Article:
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[41] Sometimes again we urge good men to adopt a somewhat unseemly course, while we advise men of poor character to take a course in which the object is the advantage of those who seek our advice. I realise the thought that will immediately occur to my reader: “Do you then teach that this should be done or think it right?” Cicero1 might clear me from blame in the matter; for he writes to Brutus in the following terms, after setting forth a number of things that [p. 501] might honourably be urged on Caesar: “Should I be a good man to advise this? No. For the end of him who gives advice is the advantage of the man to whom he gives it. But, you say, your advice is right. Certainly, but there is not always room for what is right in giving advice.” However, this is a somewhat abstruse question, and does not concern deliberative oratory alone. I shall therefore reserve it for my twelfth and concluding book.2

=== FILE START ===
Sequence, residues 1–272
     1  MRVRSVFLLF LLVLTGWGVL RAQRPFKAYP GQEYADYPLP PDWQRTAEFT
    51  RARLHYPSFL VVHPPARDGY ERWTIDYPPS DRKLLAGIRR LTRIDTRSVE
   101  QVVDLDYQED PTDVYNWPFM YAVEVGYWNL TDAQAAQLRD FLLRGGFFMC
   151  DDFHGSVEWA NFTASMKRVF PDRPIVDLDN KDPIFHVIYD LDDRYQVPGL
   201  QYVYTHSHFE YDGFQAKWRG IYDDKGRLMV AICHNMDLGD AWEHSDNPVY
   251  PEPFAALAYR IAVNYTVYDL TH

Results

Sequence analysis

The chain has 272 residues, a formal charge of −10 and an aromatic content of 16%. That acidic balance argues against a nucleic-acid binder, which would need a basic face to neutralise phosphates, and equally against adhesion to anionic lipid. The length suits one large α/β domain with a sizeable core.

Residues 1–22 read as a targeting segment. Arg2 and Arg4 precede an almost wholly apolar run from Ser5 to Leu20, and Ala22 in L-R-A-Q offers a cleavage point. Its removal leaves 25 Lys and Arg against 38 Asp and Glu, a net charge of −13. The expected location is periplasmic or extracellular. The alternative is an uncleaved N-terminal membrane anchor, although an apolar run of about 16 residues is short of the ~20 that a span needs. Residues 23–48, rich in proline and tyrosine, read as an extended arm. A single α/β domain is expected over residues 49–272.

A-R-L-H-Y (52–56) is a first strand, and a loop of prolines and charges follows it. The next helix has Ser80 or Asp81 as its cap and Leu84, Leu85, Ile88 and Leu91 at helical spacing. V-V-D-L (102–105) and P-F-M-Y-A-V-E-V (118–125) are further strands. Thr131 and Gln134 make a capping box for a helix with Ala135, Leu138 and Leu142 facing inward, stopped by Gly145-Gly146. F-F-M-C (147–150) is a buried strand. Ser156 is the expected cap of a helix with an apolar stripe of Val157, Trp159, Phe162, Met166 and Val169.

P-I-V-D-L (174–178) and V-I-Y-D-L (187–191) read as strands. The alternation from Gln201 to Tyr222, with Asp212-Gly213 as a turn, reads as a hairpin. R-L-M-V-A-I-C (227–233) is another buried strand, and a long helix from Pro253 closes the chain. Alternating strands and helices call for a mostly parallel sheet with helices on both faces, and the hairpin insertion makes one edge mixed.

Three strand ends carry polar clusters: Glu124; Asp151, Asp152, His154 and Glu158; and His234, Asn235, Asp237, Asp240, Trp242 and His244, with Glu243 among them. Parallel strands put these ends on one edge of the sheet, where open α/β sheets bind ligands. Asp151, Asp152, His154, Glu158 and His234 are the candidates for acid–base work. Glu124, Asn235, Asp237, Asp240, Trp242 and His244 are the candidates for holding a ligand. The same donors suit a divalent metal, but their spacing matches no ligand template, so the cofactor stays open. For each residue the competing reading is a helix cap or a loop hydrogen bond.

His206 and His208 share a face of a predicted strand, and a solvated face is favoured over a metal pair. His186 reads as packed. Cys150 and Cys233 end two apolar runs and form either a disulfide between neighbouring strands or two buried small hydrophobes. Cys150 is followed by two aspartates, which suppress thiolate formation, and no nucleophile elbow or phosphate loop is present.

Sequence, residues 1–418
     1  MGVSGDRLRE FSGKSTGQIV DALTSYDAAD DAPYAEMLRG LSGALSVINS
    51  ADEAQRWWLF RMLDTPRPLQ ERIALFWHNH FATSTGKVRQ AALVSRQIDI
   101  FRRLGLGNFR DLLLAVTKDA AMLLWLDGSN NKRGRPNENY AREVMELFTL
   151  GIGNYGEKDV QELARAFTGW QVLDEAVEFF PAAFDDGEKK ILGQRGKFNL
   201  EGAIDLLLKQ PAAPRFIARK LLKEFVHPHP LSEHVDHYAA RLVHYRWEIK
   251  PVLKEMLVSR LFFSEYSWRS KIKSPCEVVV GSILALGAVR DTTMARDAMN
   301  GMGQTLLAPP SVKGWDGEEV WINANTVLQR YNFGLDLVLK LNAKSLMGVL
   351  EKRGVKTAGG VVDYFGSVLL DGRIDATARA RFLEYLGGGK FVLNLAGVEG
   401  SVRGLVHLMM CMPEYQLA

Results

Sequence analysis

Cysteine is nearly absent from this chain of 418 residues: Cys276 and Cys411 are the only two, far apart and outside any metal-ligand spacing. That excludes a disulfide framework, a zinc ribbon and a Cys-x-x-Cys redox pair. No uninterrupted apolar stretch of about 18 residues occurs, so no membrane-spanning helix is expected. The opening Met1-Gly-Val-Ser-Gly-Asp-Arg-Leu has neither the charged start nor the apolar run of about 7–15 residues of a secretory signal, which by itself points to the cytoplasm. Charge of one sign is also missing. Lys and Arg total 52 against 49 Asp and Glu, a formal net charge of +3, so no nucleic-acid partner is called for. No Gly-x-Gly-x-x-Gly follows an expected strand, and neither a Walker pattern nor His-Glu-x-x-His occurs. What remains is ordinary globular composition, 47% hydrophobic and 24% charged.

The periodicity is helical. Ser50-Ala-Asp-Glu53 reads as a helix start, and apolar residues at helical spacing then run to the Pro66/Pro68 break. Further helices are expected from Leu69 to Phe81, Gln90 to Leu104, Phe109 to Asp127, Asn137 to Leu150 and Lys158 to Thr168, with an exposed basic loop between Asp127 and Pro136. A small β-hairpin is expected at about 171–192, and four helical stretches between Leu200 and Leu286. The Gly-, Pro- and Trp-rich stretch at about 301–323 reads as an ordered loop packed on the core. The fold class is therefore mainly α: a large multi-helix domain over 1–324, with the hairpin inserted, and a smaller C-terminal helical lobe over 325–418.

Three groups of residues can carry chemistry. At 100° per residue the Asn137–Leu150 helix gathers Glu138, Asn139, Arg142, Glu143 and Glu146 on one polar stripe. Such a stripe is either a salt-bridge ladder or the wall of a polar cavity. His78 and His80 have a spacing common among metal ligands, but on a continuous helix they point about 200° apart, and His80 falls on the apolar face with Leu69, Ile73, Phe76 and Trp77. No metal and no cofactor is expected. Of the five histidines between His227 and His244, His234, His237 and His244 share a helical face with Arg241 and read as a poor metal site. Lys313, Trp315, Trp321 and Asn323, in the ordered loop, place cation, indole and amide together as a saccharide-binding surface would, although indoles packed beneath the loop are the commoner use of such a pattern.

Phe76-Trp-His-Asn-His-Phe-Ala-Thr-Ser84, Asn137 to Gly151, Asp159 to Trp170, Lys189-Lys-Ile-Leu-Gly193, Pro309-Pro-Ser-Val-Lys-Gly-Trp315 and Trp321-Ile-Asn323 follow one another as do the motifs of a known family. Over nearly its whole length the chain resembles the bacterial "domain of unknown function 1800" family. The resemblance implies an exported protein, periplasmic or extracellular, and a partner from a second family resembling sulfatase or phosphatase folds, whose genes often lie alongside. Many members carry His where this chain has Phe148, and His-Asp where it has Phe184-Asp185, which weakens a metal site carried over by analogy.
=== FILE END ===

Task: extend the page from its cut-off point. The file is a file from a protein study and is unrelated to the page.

1 The letter is lost. the argument of the quotation is as follows. The policy which I advise is honorable, but it would be wrong for me to urge Caesar to follow it, since it is contrary to his interests.

2 Chap. xii.

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